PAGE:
In August of 2012, I entered into a period of my life which I fondly refer to as The Age of Learning to Say F*ck It. One month prior, I had gotten braces. That’s right—I under duress voluntary became a brace-face at age 20. Despite the fact that I needed them and the orthodontist—a good friend of mother—gave me a very kind deal, it was the first time in my life I had ever felt truly mortified to speak or smile in public.
I was standing in the kitchen waiting for a friend to pick me up for a Childish Gambino concert in Detroit. My mom was sympathizing with my self-consciousness about the painful protrusions glued to my teeth. The last thing I wanted was my photo taken, but my dad told me to kindly suck it up. Hours later, after the concert openers and the excruciating gap waiting for the main act to start, I was dancing within arm’s reach of the stage. While the lights pulsed and the heat rose, I kept catching myself every time I started to smile, hissing inside my head, “Don’t do that, stupid; I don’t want people to notice I’m a college aged brace-face.” And then I got pissed. While Gambino started into “Sunrise” I berated myself for caring what anybody else thought. This was my experience. I was so close to the front I could reach out and touch Childish Gambino, and I was letting some ridiculous fear of what strangers thought ruin it? That was stupid. The lights pulsed, the bass rocked through my chest, I put my hands up, swiveled my hips, and let my lips pull back into an enormous smile. “F*ck it,” I thought.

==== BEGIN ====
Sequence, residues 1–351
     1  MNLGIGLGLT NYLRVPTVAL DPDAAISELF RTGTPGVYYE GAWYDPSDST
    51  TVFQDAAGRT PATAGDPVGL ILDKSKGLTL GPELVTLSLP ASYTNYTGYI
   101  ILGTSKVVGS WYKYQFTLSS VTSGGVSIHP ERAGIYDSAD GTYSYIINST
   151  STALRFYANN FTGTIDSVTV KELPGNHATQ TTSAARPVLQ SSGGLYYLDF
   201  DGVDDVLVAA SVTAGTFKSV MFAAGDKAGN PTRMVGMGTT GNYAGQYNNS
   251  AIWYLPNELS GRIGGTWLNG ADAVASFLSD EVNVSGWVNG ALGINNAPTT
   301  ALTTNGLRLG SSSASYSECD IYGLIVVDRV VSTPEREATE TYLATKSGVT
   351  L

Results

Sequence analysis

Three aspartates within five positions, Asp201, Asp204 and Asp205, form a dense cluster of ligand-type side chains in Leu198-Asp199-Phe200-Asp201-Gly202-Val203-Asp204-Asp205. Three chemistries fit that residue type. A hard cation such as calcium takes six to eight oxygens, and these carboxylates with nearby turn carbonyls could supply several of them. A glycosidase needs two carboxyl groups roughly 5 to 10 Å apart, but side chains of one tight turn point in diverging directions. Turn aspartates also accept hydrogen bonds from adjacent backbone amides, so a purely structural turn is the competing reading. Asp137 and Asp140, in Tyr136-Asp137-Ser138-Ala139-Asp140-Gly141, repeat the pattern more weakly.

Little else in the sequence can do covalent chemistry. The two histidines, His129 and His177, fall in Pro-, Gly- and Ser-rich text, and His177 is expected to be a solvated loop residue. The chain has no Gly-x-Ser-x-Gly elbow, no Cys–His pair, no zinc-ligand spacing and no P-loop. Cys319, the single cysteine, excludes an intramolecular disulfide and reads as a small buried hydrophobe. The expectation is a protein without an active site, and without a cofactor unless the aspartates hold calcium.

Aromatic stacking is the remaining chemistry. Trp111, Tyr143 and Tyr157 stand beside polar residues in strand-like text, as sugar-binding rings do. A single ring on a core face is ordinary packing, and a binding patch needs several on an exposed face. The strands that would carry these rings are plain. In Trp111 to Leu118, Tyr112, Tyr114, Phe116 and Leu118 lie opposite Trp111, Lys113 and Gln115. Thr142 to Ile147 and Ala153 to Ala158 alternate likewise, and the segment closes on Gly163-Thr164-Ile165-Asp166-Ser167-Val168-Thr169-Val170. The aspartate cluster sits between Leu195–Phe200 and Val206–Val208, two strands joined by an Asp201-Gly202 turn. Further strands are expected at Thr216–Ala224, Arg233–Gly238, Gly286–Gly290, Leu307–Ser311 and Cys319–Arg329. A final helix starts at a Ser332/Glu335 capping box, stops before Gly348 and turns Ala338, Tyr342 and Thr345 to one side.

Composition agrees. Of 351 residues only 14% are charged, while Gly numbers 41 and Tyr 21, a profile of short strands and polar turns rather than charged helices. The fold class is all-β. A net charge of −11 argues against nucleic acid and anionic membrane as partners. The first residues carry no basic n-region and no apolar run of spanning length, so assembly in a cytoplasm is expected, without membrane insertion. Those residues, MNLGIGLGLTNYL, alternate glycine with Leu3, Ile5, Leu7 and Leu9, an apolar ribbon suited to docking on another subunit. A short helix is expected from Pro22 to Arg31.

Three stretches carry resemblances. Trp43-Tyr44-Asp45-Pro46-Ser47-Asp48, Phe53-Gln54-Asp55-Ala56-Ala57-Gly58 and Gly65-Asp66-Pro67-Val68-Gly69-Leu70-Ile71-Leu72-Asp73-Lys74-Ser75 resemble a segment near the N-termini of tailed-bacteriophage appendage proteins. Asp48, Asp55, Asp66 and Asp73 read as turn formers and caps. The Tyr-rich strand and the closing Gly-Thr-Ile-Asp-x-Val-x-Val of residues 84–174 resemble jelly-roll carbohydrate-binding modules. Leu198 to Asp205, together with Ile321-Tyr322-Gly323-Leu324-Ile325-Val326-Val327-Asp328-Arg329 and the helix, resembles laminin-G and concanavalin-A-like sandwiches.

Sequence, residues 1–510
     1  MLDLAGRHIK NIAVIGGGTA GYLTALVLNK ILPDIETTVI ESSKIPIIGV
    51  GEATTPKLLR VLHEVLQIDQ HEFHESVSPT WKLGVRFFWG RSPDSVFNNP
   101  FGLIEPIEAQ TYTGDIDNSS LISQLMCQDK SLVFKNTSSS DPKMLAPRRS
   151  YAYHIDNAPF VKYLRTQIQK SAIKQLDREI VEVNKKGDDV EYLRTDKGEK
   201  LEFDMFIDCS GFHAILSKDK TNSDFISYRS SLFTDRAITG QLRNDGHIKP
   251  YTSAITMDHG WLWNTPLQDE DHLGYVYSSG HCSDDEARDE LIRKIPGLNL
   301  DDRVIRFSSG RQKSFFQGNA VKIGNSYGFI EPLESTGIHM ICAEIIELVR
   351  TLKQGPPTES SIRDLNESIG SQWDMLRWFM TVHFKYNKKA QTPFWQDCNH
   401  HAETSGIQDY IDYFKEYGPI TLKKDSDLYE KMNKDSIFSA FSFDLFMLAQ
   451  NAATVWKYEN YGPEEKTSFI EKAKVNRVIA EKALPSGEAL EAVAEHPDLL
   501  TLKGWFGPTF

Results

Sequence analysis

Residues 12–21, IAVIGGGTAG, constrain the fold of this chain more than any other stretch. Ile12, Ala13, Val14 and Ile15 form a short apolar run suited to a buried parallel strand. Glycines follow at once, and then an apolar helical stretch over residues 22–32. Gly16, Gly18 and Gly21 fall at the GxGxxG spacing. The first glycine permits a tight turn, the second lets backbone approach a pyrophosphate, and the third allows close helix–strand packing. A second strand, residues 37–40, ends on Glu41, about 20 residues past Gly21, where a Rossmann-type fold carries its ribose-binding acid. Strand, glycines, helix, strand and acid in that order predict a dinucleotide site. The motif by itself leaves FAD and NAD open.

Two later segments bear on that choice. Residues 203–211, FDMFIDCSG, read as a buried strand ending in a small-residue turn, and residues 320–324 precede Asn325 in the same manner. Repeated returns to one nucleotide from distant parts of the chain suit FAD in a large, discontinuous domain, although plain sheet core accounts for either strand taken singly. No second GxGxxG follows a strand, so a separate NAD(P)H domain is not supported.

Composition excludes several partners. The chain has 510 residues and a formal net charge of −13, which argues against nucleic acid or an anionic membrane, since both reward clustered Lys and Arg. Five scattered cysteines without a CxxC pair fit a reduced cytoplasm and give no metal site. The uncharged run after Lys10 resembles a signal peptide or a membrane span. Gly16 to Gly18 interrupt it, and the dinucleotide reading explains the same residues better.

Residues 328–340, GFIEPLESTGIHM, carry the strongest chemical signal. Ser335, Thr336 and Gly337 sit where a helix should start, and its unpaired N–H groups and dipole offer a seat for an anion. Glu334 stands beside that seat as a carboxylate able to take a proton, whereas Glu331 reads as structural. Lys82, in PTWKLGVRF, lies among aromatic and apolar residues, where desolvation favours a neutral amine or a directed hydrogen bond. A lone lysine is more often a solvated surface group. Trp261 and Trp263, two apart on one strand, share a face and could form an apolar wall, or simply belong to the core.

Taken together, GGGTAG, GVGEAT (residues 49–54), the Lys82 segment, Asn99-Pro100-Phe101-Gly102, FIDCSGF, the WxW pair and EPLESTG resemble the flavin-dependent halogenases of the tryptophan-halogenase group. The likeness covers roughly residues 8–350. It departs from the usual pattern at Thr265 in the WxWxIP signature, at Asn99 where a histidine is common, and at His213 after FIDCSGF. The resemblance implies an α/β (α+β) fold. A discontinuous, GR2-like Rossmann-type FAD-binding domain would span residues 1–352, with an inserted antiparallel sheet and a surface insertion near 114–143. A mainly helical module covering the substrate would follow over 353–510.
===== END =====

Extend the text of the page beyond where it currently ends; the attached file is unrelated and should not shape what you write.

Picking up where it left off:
Now it’s January of 2014 and my face is once again braceless. I’m sitting in the makeshift vanity I made in my closet, listening to Pretty Lights and taking pictures to remember what I and this space look like right now. I set my camera to snap pictures in succession, and at first I just sat there and smiled. The photos looked like me, but they told you nothing of substance. Then “I Can See it in Your Face” stared to play, and I thought, “Ah, f*ck it,” and danced around in my seat while the camera clicked. I figured I would look a little silly, but the result was a snapshot of myself as I honestly felt: decently unconcerned with anything besides loving that song. The Age of Learning to Say F*ck It produced in me a new kind of honesty where I can finally say, “I am what I am, you like it or you don’t.” And that has been such a liberating experience that I hope everybody goes through, in their own way. Entering the Capstone course, I hope very much that I can successfully carry that honesty over to make a new portfolio that abides by no one else’s expectations and that is purely, unapologetically me.